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  • Performance comparison of IPv4 and IPv6 in peer-peer and client server local area networks

    Kolahi, Samad; Soorty, Burjiz; Chand, Navneet; Qu, Zhang (2010-06-29)

    Conference paper
    Unitec

    In this paper, the performance of IPv4 and IPv6 are compared for both Client-Server and Peer-Peer networks. For both networks, IPv4 produced higher bandwidth for TCP protocol. For UDP, IPv4 and IPv6 showed insignificant bandwidth differences except for packet size of 384 bytes where IPv4 had better performance in client-server environment.

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  • Sociomateriality Implications of Software As a Service Adoption on IT-workers’ Roles and Changes in Organizational Routines of IT Systems Support

    Mbuba, F; Wang, YYC; Olesen, K

    Conference paper
    Auckland University of Technology

    This paper aims to deepen our understanding on how sociomateriality practices influence IT workers’ roles and skill set requirements and changes to the organizational routines of IT systems support, when an organization migrates an on-premise IT system to a software as a service (SaaS) model. This conceptual paper is part of an ongoing study investigating organizations that migrated on-premise IT email systems to SaaS business models, such as Google Apps for Education (GAE) and Microsoft Office 365 systems, in New Zealand tertiary institutions. We present initial findings from interpretive case studies. The findings are, firstly, technological artifacts are entangled in sociomaterial practices, which change the way humans respond to the performative aspects of the organizational routines. Human and material agencies are interwoven in ways that reinforce or change existing routines. Secondly, materiality, virtual realm and spirit of the technology provide elementary levels at which human and material agencies entangle. Lastly, the elementary levels at which human and material entangle depends on the capabilities or skills set of an individual.

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  • Impact of building design on energy usage of Auckland Public Library

    Su, Bin (2016-05)

    Conference paper
    Unitec

    This pilot study is to investigate relationships between Auckland library building design and energy consumption. In Auckland, about sixty public libraries belong to the Auckland Council. A number of Auckland public libraries (32% of the total number of public libraries in Auckland) are used for this study. A whole year monthly energy consumption data and library building plans of the sample libraries are recorded and supplied by the Auckland Council. This study explores impact of building design factors on energy consumption, which is based on real energy consumption data and building design data of Auckland public libraries. This study converted monthly energy consumption data into annual, winter and summer daily mean energy consumptions per unit volume of library building indoor space (kWh/m3/day), which is closely related to building design, indoor thermal conditions and building thermal performance under the local climatic conditions. According to relationships between daily mean energy consumptions per unit volume of library building indoor space (kWh/m3/day) and library building design data, the study presents energy profiles of local libraries and identify major design factors impacting energy consumption of Auckland public libraries.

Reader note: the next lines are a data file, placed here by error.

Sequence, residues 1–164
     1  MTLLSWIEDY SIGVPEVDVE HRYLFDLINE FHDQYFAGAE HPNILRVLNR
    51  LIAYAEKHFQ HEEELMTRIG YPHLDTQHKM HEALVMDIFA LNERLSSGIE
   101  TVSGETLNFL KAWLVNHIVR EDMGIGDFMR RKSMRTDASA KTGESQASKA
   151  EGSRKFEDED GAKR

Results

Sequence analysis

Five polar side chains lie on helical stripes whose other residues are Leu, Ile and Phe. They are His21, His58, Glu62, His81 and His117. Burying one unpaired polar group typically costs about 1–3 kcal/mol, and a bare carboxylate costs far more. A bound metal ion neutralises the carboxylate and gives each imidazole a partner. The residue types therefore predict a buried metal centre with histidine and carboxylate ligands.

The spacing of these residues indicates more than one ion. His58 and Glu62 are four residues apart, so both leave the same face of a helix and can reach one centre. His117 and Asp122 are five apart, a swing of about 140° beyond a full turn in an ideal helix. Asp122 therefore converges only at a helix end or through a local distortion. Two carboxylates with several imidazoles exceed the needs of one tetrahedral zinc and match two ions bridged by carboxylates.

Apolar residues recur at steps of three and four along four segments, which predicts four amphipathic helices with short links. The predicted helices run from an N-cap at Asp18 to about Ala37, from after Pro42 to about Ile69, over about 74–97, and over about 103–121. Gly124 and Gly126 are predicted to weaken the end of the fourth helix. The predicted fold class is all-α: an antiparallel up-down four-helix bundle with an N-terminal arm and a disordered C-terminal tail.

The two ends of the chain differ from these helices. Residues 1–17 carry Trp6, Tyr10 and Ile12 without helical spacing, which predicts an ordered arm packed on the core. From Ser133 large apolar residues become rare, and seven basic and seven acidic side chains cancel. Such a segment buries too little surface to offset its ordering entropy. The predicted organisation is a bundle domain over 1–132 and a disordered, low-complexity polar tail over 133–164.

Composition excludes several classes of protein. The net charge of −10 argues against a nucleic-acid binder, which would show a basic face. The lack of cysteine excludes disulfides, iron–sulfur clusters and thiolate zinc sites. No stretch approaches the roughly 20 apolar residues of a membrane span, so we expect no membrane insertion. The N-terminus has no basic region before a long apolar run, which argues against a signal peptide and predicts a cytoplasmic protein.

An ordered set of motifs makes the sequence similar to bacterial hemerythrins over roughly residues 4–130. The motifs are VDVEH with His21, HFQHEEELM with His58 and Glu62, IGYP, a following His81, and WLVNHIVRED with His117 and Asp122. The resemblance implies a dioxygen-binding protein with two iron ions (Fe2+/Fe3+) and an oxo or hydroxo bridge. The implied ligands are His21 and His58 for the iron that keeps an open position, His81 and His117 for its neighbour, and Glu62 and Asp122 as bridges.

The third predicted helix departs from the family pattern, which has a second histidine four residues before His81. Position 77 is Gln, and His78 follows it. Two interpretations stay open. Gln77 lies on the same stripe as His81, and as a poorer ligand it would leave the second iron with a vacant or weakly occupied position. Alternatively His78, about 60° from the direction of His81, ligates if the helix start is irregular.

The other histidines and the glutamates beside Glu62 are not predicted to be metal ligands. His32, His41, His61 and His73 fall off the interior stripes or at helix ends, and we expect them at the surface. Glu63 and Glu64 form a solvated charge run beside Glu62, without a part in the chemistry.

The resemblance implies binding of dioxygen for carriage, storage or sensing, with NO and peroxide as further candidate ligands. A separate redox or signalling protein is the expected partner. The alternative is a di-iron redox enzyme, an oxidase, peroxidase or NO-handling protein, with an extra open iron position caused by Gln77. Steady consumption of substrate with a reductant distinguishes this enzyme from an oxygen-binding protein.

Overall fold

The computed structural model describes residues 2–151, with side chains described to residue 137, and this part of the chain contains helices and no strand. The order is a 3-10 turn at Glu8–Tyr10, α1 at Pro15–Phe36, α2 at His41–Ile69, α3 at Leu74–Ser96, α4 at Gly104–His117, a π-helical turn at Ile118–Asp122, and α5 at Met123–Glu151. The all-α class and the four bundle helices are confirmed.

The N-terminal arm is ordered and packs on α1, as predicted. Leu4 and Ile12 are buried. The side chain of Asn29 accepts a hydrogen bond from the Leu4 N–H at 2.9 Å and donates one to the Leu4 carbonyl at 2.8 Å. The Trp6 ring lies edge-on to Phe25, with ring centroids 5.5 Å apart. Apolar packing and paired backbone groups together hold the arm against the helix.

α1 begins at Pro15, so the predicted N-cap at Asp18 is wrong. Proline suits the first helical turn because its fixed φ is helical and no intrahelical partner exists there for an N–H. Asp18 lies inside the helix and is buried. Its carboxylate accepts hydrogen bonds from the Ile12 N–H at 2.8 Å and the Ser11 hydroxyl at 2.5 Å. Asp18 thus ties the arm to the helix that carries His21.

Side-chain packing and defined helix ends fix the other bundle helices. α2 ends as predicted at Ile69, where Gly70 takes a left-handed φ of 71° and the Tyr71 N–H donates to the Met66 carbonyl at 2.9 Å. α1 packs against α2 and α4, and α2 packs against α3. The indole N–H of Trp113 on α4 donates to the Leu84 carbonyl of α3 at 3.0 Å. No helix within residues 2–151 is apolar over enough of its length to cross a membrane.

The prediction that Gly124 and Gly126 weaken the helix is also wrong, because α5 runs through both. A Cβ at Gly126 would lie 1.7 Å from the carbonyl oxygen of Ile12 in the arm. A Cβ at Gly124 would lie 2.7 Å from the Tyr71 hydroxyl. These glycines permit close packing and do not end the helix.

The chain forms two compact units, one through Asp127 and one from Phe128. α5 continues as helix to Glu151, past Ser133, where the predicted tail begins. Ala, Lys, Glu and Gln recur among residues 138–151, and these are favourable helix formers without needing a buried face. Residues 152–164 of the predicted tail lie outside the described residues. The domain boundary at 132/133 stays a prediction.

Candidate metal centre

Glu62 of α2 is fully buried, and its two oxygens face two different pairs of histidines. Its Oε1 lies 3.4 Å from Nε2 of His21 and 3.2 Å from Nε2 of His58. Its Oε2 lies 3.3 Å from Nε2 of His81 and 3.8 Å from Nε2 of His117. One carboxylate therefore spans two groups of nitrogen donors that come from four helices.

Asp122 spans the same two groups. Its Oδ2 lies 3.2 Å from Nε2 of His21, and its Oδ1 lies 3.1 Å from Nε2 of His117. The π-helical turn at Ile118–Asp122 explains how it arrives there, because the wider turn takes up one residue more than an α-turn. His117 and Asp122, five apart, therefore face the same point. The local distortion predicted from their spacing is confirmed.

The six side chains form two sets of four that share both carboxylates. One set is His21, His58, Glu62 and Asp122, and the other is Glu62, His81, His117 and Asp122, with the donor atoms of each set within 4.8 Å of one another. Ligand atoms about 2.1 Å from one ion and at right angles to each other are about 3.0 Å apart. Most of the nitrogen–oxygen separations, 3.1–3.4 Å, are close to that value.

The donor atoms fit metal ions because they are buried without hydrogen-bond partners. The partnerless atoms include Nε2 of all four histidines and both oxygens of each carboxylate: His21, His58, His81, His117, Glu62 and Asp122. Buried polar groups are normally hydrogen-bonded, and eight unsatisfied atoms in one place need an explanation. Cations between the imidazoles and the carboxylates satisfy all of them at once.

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  • Impact of building envelope design on energy consumption of light structure school building

    Su, Bin (2016-05)

    Conference paper
    Unitec

    According to the local climate, an Auckland school building normally does not need air conditioning for cooling during the summer and only needs space heating during the winter. Previous study shows that the mean winter energy consumption is about 38% of the mean annual energy consumption of Auckland school buildings. The mean winter extra energy, which mainly includes space heating, water heating and other appliances related to winter indoor thermal conditions, is about 44% of winter energy consumptions. Extra winter energy of a school building is closely related to and impacted by building thermal design and thermal performance. Although different building design factors related to the main architectural feature, building elements and materials can affect the school energy consumption differently and simultaneously, the relationship between building design data and school energy consumption data can still be identified. With a larger number of sample school buildings, this study focuses on impact strength of building design factors on school winter extra energy consumptions and identifies quantitative relationships between the building design data and the winter extra energy consumption data, which can be used to proximately estimate the amount of saving winter extra energy consumption associated with the change of a design datum for the future school development. In Auckland, there are 425 schools including primary, intermediate and high schools. Real energy consumption and building design data of 57 local schools (13.4% of the total number of Auckland schools) are randomly selected for this study.

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  • Understanding driver behaviour: opportunities for greater efficiency

    Scott, Michelle Grace; Lawson, Rob (2016-09)

    Conference paper
    University of Otago